Even our forties aren’t that bad. Might start to feel the start of some achy arthritic joints, and see more grays and wrinkles, but overall we’re still feeling pretty peppy.

Then the fifties hit and things really start to change, at least for me they did. Maybe not right away, but by my mid-fifties I could feel myself slowing down.

Part of the slowing down process is certainly tied to Hashimotos, an autoimmune disorder involving chronic inflammation of the thyroid. Over time, the ability of the thyroid gland to produce thyroid hormones often becomes impaired and leads to a gradual decline in function and eventually an underactive thyroid (Hypothyroidism).

I was diagnosed with Hashimotos in 2010 at the age of 49 after a bout with pneumonia that went sepsis and wrecked havoc with my entire body.

Medication was not and still is not an option because my thyroid levels remain within normal range. Even after having half my thyroid removed last fall because of a suspicious nodule.

The nodule was benign Thank God, so the threat of cancer was removed from the equation. Amen to that!

With meds out of the question, I knew I had to find other methods to combat the symptoms of hypothyroidism. The key symptoms being fatigue, weight gain and brain fog.

I discovered doctors were not very helpful when it came to advice in this area and found out quickly I was on my own.

Coincidently around the same time, I caught an interview with Gina Lee Nolin, of Baywatch fame, where she discussed her personal health struggles that went undiagnosed until she found Dr. Alan Christianson, a naturopathic medical doctor for Integrative Health in Scottsdale. His book “The Complete Idiot’s Guide to Thyroid Disease” became my saving grace. 

https://www.facebook.com/thyroidsexy/

After reading Dr. Christianson’s book, I started to play with diet changes and adding supplements. In doing so, I was able to thwart off some of the fatigue, weight gain and some brain fog.

The key thing was going gluten and dairy free. Plus avoiding soy and fluoride, which can interfere with the function of the thyroid. I also added ginkgo biloba and ashwaghanda, but my endocrinologist recommended I stop the ashwaghanda because it can skew thyroid function blood tests.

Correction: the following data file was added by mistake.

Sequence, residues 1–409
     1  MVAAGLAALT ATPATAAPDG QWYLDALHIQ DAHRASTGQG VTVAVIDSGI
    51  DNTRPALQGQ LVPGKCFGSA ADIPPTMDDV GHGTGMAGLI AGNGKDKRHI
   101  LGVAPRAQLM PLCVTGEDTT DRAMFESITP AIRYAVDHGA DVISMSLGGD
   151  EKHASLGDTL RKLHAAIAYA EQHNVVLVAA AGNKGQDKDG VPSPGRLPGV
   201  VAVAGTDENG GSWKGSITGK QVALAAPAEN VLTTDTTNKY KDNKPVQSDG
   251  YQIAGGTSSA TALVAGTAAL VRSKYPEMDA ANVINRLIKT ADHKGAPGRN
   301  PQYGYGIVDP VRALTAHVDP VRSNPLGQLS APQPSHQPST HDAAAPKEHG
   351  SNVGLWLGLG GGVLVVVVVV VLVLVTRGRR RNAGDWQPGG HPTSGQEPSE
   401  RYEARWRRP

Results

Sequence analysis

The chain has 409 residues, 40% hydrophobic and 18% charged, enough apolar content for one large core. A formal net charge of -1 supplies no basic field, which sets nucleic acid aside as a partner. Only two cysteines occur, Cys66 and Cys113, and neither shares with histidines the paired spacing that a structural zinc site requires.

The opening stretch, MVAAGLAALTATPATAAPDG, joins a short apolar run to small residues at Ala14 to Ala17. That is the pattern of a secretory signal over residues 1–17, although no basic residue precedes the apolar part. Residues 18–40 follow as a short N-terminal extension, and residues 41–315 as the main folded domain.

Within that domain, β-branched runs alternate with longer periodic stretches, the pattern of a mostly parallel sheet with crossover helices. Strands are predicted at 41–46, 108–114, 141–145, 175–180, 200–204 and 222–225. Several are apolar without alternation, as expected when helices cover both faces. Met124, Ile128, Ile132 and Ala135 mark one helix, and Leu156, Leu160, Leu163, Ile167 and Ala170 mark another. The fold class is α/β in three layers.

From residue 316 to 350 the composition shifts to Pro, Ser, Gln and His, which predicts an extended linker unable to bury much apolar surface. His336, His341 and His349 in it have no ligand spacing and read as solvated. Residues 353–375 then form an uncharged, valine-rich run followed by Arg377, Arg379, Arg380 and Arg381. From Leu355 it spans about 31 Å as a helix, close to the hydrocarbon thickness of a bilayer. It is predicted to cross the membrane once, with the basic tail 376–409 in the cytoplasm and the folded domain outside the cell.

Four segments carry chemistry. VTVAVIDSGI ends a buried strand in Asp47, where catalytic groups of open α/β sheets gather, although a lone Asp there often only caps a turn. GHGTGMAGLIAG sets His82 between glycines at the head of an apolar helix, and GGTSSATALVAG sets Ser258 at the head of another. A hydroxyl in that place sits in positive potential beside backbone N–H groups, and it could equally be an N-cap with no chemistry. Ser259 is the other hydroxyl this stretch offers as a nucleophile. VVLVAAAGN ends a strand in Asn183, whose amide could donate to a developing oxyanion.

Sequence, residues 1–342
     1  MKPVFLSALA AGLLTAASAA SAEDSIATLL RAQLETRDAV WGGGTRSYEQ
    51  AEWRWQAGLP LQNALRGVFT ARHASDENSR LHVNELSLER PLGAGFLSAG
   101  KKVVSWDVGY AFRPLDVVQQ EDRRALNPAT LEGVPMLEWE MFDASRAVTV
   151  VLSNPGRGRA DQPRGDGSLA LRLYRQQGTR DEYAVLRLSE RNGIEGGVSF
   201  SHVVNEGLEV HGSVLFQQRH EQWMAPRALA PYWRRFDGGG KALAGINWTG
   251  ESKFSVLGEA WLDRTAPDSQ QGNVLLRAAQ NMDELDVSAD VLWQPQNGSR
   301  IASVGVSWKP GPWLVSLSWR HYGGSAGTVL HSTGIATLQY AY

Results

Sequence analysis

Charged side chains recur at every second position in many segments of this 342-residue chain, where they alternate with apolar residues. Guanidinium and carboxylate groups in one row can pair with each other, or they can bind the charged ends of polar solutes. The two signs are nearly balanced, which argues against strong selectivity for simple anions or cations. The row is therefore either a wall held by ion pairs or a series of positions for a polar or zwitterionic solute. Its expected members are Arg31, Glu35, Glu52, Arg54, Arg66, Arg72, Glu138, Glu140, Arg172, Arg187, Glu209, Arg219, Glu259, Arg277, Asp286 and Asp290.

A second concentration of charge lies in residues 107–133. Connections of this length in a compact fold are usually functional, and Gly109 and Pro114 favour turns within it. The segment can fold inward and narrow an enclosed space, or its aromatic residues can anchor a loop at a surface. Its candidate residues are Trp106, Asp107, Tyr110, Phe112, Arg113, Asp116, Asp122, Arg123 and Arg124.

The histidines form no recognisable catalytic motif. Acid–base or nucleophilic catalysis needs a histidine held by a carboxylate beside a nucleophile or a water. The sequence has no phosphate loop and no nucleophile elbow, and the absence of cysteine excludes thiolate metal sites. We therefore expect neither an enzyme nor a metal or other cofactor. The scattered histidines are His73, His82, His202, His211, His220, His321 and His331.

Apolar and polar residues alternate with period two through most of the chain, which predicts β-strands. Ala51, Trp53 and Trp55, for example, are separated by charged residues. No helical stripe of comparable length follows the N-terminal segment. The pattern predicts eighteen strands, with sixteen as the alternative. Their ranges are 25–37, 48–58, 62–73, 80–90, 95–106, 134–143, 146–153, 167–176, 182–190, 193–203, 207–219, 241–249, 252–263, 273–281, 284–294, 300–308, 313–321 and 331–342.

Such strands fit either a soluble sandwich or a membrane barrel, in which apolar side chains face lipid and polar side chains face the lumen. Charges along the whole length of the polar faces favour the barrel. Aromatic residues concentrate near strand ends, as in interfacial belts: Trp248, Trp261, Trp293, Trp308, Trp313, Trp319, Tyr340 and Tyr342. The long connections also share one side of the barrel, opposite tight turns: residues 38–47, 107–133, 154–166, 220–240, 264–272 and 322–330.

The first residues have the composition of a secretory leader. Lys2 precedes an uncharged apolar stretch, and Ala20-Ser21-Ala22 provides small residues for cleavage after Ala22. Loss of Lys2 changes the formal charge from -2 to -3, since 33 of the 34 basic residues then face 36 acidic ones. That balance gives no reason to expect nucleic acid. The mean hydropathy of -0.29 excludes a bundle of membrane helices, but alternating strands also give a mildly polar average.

Over the years I have faired pretty well with this issue, but honestly I think I was too busy raising my Son and helping to care for my aging Mom to completely feel the impact. Or, should I say take the time to notice. 

It’s only the past year or two, as I hit my late fifties and my Son is off at college that I’ve truly noticed how much I’m slowing down. My energy levels just aren’t what they used to be. Some of it’s age, but I know part of it is my thyroid. 

This however is the least of my concerns. 

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Facing the “IN-BETWEEN” Years

As the month of August unfolded the reality that my Son heads back to college to start his Sophomore year in 25 days hit me hard. I had that same pit in my stomach as I experienced all of last summer as his Freshman year crept closer with each passing day. 

It’s just me and my Son at home, so facing a truly empty nest for the first time in 18 1/2 years was beyond a challenge for me to say the least.

I had my ups and downs over the course of his Freshman year, but by the time he came home for the Summer I felt I had conquered a lot of those feelings.

To feel that sadness in my gut popping up again confirmed that I still have work to do, which I’m quite sure will be the topic of future posts.

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Finding Peace in Every Day

With my annual exodus to the beach to recharge my soul now behind me, I’m working hard at carrying the calm that comes from the sea air and surf with me as I face each day in the real world.

As I told a co-worker “I’m trying hard to hang onto my vacation shine.”

This is something I tell myself I’m going to do every year, but a month or two into the real world post vacation I’m working my way back into the “when is my next day off mind-set.”

I don’t mean the weekend; I mean an actual vacation day, a day with no real schedule, a day to play.

Like a day off is the cure all for the every day stresses we all endure. Granted it helps, but there has to be a way to find peace throughout every day, not just on a vacation day. Especially when they’re so few and far between.